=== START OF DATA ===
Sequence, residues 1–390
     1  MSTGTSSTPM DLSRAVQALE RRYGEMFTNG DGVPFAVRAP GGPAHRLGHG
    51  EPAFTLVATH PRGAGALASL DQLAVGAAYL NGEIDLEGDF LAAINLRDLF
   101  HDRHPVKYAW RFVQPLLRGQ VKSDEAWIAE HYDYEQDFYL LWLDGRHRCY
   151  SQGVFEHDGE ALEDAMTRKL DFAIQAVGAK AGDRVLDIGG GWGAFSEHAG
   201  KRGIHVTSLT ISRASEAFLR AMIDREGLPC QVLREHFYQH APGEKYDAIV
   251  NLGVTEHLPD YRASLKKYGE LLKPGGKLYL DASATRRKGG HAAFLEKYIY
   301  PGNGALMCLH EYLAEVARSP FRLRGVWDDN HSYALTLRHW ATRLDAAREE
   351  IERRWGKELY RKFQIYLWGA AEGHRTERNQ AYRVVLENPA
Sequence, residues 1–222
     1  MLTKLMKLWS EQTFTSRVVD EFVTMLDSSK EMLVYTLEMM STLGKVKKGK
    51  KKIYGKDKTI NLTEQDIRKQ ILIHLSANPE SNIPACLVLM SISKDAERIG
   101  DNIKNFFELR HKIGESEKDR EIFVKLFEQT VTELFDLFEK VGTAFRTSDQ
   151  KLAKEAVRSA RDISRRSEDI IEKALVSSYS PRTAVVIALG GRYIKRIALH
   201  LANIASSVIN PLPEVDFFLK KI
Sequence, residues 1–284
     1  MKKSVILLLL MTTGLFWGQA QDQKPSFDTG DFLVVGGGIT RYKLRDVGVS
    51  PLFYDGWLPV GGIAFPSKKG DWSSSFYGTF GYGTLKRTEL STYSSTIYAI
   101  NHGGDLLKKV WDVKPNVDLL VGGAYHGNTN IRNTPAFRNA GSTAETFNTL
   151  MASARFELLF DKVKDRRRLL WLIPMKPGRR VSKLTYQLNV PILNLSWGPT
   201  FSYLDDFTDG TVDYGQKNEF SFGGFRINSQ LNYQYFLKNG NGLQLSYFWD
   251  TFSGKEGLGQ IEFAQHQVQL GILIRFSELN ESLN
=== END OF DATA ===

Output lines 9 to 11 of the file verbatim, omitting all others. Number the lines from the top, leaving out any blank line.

   351  IERRWGKELY RKFQIYLWGA AEGHRTERNQ AYRVVLENPA
Sequence, residues 1–222
     1  MLTKLMKLWS EQTFTSRVVD EFVTMLDSSK EMLVYTLEMM STLGKVKKGK